It's hard to imagine that there is a Facebook killer somewhere around the next tech innovation, but there probably is.
Granted, in the end, it won't look much like a "killer" but probably closer to something new, shiny and different that has enough new whiz bang boom to garner attention. Many thought that this was what would become of Twitter. It just seemed so much easier and simpler than the more complex neediness of Facebook. Who couldn't create a 140-character message? Twitter was (and still is) a much more mobile-friendly experience. On top of that, it's easy to add, find and share with friends, and there was something about the limitation of the message that made the barrier to entry fairly low (even though many who jump on the Twitter bandwagon find themselves struggling to understand how to find and follow people while grappling with the new language of hashtags, retweets and URL shorteners). What we've learned in the online social networking world of Facebook and Twitter is that there is more co-dependency between the two platforms than walled gardens that users are not allowed to cross.
The truth is that it's hard to beat Facebook at this point.
With over 750 million registered users that cross all demographics, psychographics and gender, one could argue that Facebook is an Internet unto itself. Yes, there is some fatigue (a few weeks back, Inside Facebook - an organization that reports on everything Facebook - showed that there was either a plateau effect or a decline in the number of new accounts being created in places like the U.S., Canada, UK, etc...). Yes, many people (and some governments) still have a bug about Facebook and their privacy settings. Yes, with anything this big there are many thousands of people who still complain and gripe about the service. But, for all of those warts, many people are heavily invested in the platform (and I'm not talking about those who are waiting for Facebook's pending IPO). People like you and I have created our social circles within Facebook, we've spent time nurturing our profiles, updating our status, linking our social graphs together, uploading pictures, tagging them, following events and more. We're there. Our friends are there, and not being there leaves us - somewhat - out of social loop.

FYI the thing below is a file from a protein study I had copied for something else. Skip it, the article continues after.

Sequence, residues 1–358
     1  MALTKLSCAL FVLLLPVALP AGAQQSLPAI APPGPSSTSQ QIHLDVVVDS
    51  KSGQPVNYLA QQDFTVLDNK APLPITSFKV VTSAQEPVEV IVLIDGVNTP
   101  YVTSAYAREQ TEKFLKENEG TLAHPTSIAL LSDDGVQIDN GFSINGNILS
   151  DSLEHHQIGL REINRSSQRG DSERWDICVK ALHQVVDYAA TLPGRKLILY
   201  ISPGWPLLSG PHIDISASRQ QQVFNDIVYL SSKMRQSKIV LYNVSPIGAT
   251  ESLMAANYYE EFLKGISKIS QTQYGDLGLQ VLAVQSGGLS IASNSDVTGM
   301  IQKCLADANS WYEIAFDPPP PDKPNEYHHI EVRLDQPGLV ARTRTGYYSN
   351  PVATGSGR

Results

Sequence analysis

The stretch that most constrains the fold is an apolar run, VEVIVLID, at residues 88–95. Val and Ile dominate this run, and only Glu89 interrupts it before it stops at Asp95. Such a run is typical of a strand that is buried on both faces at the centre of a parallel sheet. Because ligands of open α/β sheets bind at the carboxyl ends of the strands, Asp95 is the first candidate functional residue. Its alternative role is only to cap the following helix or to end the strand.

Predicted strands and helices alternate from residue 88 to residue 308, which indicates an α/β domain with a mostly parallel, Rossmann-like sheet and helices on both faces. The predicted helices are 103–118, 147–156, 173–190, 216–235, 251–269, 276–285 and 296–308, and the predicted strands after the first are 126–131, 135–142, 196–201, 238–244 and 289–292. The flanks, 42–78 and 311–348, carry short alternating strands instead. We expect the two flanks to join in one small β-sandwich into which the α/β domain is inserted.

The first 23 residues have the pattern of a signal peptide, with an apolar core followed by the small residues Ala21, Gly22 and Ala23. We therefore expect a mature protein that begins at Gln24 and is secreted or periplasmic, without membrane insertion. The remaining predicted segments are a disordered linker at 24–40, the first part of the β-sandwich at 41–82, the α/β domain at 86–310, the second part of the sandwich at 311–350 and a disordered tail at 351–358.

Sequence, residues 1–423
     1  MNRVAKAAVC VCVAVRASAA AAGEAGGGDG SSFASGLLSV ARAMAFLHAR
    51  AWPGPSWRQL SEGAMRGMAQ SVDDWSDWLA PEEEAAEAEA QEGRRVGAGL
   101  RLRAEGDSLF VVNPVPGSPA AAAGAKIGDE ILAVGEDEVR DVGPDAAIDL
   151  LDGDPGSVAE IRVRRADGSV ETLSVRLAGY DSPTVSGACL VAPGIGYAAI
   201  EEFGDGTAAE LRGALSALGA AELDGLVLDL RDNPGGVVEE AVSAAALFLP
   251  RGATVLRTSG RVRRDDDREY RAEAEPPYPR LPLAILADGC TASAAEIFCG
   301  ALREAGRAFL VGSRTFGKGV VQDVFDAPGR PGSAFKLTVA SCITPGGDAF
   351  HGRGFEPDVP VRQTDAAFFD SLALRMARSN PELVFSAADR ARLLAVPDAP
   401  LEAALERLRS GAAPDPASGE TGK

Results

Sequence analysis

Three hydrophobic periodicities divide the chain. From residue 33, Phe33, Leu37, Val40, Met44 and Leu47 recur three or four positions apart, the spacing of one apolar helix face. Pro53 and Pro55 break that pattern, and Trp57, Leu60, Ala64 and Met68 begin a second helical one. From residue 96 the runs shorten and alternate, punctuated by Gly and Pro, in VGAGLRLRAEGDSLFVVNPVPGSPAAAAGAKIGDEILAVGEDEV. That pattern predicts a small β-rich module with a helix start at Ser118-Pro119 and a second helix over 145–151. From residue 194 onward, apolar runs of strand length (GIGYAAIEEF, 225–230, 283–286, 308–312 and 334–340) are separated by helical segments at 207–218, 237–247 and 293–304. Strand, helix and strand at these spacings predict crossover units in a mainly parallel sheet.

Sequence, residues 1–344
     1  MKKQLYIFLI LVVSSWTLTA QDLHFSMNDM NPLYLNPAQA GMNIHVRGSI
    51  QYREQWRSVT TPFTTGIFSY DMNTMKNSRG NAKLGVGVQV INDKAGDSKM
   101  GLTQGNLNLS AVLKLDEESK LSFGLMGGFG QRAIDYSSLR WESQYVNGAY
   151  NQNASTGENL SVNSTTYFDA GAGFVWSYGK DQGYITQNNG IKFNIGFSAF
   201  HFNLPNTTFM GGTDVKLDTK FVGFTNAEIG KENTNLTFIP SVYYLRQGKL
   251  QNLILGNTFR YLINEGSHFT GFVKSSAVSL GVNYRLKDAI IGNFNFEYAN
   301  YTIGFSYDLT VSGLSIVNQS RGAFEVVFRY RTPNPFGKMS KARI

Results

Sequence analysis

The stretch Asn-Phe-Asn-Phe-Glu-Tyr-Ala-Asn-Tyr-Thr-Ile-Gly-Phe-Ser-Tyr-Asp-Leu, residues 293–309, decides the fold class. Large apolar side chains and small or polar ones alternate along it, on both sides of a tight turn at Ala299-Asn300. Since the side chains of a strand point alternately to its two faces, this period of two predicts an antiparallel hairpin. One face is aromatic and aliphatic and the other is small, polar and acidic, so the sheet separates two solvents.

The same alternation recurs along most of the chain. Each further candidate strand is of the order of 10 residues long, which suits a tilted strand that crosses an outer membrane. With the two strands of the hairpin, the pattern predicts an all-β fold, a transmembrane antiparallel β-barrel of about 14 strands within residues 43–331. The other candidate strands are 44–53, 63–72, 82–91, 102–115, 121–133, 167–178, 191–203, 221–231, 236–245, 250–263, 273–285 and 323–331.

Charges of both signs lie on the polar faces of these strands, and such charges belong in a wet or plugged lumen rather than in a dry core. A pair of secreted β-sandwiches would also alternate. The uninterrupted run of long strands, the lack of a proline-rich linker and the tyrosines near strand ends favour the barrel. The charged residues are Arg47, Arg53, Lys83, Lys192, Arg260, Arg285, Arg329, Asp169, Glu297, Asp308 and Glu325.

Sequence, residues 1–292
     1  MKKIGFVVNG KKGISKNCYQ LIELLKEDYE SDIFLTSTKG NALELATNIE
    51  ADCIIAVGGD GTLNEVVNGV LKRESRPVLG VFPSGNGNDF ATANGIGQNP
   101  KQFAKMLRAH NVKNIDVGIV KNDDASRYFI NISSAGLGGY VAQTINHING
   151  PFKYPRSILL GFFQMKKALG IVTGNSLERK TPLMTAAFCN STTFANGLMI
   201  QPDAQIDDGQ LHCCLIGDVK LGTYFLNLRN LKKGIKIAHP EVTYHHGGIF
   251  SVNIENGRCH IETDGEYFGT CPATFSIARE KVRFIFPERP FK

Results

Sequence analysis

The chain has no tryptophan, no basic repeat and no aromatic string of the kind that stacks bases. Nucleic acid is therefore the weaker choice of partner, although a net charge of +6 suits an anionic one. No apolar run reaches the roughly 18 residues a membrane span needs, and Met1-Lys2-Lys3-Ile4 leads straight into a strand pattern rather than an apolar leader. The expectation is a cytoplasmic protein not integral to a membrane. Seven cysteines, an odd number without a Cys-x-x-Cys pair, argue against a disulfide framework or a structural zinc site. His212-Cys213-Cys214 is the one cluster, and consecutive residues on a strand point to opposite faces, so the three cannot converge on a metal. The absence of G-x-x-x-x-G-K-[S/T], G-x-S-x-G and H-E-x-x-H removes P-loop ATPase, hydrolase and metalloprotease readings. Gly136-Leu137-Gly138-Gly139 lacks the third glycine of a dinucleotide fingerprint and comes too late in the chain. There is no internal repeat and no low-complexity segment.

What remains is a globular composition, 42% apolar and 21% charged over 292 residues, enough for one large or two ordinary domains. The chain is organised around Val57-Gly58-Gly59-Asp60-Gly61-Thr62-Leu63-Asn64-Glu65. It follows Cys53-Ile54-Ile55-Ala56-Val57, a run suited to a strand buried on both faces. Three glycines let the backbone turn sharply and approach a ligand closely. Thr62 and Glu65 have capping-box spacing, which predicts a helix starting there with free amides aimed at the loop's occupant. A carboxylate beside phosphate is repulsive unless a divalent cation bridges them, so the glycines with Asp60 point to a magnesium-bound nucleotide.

Twitter seems to augment the Facebook experience and vice-versa and that's where the interesting business applications kick in.
Last week, Google launched a brand new online social network called, Google +. Currently, it's a closed environment that can only be accessed if you're invited, and by the looks of the online chatter, Google is allowing people with significant Social Media experience in first to see how it stands up, performs and gets chatted about prior to opening the flood gates for all to use. There is widespread skepticism about Google's ability to be successful in the online social networking space. In the past, they've made strong attempts with Orkut, Wave and Buzz but the overall results paled in comparison to the success of Twitter or Facebook. With Google + users can create "circles" that allow them to segment their connections (i.e. friends, family, co-workers, etc...), they can follow or create an area of shared interest called a "spark" (let's say you're into Thai cuisine or mixed martial arts or eating Thai cuisine while watching mixed martial arts), you can share your images or even create a live get-together known as a "hangout," and the integration between the Web and mobile experience looks seamless (with the one exception being that the iPhone app is not available yet).
So, how does Google + stack up?
They've clearly learned from what Facebook and Twitter have done to keep people engaged, and the platform is simple and easy to navigate and connect with. Will it be a Facebook killer? My general motto is "everything is 'with' not 'instead of'," but with so much similar functionality, it's hard to believe that the average user will feel the need to have two environments that ultimately do the same thing: allow me to creep on my friends, family and co-workers. On top of that, users will have to feel that Google + is so superior that it's worthy or rebuilding all of the connections that have already been consummated in the Facebook platform. From the businessperson's perspective, it's important to know and play with Google + (if you're lucky enough to get an invite or once it opens up for the general masses) as the audiences and the type of engagement that happen in different online social networks is usually unique to the platform (i.e. the discussion around some of my Blog posts is very different when you compare the comments section of the Blog to Twitter and then to Facebook). Much like LinkedIn is skewed towards the business professional, the types of people who engage in Google + may be very different from the average Facebook user (but only time will tell). Google + would be much more interesting if it was co-dependent on Facebook. While that may sound like heresy, just imagine if you could port your information and data from one to another and the stuff that Google + does would augment your Facebook experience (or vice-versa).
In a world of co-opertition (competition + cooperation), it may be Google's best play at actually slaying the Facebook giant.
The above posting is my twice-monthly column for the Montreal Gazette and Vancouver Sun newspapers called, New Business - Six Pixels of Separation. I cross-post it here with all the links and tags for your reading pleasure, but you can check out the original versions online here:
- Montreal Gazette - New Google + doesn't add up to a Facebook killer.
- Vancouver Sun - Codependency in the age of Facebook.